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Department of Biological Sciences; Department of Chemical Engineering


N95 respirator face masks serve as effective physical barriers against airborne virus transmission, especially in a hospital setting. However, conventional filtration materials, such as nonwoven polypropylene fibers, have no inherent virucidal activity, and thus, the risk of surface contamination increases with wear time. The ability of face masks to protect against infection can be likely improved by incorporating components that deactivate viruses on contact. We present a facile method for covalently attaching antiviral quaternary ammonium polymers to the fiber surfaces of nonwoven polypropylene fabrics that are commonly used as filtration materials in N95 respirators via ultraviolet (UV)-initiated grafting of biocidal agents. Here, C-quaternized benzophenone is simultaneously polymerized and grafted onto melt-blown or spunbond polypropylene fabric using 254 nm UV light. This grafting method generated ultrathin polymer coatings which imparted a permanent cationic charge without grossly changing fiber morphology or air resistance across the filter. For melt-blown polypropylene, which comprises the active filtration layer of N95 respirator masks, filtration efficiency was negatively impacted from 72.5 to 51.3% for uncoated and coated single-ply samples, respectively. Similarly, directly applying the antiviral polymer to full N95 masks decreased the filtration efficiency from 90.4 to 79.8%. This effect was due to the exposure of melt-blown polypropylene to organic solvents used in the coating process. However, N95-level filtration efficiency could be achieved by wearing coated spunbond polypropylene over an N95 mask or by fabricating N95 masks with coated spunbond as the exterior layer. Coated materials demonstrated broad-spectrum antimicrobial activity against several lipid-enveloped viruses, as well as and bacteria. For example, a 4.3-log reduction in infectious MHV-A59 virus and a 3.3-log reduction in infectious SuHV-1 virus after contact with coated filters were observed, although the level of viral deactivation varied significantly depending on the virus strain and protocol for assaying infectivity.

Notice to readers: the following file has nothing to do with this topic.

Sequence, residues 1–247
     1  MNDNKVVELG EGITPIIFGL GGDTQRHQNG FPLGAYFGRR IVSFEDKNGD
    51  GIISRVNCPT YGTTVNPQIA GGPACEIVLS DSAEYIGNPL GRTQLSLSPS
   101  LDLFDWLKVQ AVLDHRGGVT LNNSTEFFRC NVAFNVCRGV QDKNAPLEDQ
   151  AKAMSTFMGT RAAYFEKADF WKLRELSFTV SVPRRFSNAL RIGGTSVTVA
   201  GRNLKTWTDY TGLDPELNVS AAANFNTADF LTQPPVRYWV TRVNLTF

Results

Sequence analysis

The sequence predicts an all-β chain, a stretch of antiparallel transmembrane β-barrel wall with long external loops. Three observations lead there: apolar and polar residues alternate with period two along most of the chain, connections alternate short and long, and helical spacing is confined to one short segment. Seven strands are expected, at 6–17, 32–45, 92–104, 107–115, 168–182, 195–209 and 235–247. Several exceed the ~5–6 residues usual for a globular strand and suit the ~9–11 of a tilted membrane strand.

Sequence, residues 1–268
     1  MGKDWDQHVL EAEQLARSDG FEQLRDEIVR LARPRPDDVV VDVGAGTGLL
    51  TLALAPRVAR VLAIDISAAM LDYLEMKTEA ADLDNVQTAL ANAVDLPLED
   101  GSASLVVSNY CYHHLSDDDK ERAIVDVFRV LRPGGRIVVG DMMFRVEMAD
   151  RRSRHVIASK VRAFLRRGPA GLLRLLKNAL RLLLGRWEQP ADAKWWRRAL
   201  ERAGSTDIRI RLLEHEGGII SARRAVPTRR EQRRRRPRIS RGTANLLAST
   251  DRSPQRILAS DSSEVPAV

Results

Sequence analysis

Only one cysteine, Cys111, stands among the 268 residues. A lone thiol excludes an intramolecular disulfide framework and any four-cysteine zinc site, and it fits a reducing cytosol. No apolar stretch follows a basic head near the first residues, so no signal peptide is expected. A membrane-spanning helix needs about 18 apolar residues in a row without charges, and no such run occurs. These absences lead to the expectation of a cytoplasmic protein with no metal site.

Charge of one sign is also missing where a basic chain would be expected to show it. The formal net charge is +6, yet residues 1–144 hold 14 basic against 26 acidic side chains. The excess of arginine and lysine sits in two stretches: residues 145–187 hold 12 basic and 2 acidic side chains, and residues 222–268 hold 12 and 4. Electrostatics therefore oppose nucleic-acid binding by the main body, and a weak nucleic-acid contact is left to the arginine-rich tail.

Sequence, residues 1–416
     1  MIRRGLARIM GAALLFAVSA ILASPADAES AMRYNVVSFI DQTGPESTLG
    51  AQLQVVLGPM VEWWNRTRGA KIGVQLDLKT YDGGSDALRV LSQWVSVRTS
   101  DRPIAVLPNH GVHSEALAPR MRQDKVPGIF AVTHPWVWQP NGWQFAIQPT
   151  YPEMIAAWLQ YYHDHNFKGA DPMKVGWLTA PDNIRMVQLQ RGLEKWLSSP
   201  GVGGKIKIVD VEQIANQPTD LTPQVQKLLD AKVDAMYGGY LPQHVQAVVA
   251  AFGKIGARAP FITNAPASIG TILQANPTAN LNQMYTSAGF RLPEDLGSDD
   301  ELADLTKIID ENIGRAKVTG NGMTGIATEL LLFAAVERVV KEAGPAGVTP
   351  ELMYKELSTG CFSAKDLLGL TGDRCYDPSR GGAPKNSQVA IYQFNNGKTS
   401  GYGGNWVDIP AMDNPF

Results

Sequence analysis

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© 2022 The Authors. Published by American Chemical Society. Publisher’s version of record:

Publication Title

ACS applied materials & interfaces



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